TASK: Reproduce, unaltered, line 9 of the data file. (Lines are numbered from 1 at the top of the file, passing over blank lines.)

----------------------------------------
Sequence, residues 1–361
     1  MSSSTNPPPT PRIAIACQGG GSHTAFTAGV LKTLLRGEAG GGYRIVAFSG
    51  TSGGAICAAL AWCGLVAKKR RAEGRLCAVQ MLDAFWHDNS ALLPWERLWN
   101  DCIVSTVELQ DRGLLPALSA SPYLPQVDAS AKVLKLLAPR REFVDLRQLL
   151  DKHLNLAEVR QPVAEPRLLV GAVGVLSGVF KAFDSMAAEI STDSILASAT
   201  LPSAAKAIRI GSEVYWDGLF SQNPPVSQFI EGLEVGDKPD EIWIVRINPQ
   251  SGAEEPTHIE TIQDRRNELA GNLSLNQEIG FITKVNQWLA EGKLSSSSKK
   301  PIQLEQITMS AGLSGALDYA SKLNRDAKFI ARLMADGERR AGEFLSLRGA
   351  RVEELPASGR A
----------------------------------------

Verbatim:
   351  RVEELPASGR A